The lack of guidelines leads to challenges, since breeders and trainers have few parameters. There are some unscrupulous breeders who market puppies as support or wellness dogs, says Bona, who has been involved in creating, teaching, and implementing animal assisted therapy programs across Canada. “And there’s another issue of insufficient training for handlers.”
In British Columbia, abuse of the service dog system has become so great that the government now issues service dog IDs in order to weed out the fakes.
It’s not just the dog that needs certification, but the handler as well, Bona says. “They need to understand all the ethics surrounding the situation… to take into consideration all stakeholders, families, and communities.”
There is a proper way to introduce a dog to the school. Bona has been working with one school in Alberta to prepare for having a resident wellness dog. “Before the dog arrived, we had assemblies, conversations, [slideshows] about her and what to expect, [and] how to communicate and understand her. This ensures that by the time the dog gets to school there will be no chaos.”
According to Steve King, founder of Chestermere Therapy Dogs, much rests on good communication. While his Alberta non-profit provides reading buddies for short stays rather than all day in-class service dogs, the principles are similar.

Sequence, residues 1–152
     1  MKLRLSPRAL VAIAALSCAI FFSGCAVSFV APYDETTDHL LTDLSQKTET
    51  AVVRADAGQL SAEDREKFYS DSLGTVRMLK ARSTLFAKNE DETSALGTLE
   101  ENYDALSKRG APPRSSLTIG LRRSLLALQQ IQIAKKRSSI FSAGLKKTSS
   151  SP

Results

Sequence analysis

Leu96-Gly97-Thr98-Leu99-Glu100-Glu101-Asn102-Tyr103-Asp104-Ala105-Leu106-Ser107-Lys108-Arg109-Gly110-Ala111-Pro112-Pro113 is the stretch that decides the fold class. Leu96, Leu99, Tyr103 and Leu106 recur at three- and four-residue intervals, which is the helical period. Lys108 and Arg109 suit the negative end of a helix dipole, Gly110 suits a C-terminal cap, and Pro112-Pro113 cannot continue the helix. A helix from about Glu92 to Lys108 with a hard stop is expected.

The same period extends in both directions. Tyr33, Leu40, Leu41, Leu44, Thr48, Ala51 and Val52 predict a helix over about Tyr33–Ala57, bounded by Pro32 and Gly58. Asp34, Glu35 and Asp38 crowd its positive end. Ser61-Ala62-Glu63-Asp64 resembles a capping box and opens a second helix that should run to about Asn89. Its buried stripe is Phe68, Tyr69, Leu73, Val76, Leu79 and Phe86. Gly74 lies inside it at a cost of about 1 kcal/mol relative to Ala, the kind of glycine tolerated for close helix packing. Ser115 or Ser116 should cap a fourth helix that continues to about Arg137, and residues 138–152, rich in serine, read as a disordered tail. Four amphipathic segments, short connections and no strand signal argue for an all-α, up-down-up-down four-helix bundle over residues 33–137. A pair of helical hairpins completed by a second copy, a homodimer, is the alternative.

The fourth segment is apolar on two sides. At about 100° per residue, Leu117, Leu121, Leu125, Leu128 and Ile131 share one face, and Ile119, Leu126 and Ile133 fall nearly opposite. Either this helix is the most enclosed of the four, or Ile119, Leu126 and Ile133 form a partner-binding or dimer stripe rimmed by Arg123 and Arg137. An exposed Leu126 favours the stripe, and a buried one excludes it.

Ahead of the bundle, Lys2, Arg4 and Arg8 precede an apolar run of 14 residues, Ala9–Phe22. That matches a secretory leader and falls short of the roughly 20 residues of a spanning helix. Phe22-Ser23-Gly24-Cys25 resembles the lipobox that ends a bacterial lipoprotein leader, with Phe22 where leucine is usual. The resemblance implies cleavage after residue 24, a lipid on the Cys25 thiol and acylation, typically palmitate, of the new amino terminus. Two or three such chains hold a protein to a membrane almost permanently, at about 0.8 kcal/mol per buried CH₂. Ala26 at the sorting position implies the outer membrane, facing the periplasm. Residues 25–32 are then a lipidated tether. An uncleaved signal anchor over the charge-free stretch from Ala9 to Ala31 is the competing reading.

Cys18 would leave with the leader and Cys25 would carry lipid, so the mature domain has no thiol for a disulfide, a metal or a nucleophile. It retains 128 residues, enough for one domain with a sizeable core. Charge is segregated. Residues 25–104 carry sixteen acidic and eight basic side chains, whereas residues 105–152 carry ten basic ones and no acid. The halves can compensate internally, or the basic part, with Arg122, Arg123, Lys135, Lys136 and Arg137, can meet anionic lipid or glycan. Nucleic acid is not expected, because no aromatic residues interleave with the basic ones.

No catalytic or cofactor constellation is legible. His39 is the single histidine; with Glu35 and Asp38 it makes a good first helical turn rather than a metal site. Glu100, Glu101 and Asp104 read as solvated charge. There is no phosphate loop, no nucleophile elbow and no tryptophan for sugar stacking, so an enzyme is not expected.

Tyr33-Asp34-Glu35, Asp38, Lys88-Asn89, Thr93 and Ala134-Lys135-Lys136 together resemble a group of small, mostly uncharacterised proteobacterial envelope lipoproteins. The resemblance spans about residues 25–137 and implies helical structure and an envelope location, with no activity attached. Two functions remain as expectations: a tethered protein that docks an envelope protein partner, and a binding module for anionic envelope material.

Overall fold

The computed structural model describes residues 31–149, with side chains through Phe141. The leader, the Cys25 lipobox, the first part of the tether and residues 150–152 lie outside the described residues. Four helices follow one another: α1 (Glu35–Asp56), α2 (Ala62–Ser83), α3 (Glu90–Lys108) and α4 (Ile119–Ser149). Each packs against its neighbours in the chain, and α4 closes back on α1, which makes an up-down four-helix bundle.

“You need to physically walk those involved through the process—it’s not enough just to read about it. When a new school contacts me, I sit down with the principal and my coordinator… and we go through everything. You can almost predict the questions—mainly principals trying to ensure that this is not some amateurish effort that will backfire. And they want to know all the components: the dog, where the reading will take place, and so on.”
With a dog reading program, it’s easier for participants to sit in a separate room near the door than to bring a dog into a classroom. The idea is to minimize exposure to hair and allergens, not only for the one child, but for anyone else in the school who has allergies. That’s why reading buddy dogs are never allowed to wander around the school.
Due to the increased demand—and need—for therapy or service dogs in the classroom, schools are having to develop protocols for consistency. Upper Grand District School Board in Guelph, ON, for example, recently developed protocols, such as only allowing certified therapy dog teams, and stating that programs must be initiated by the principal.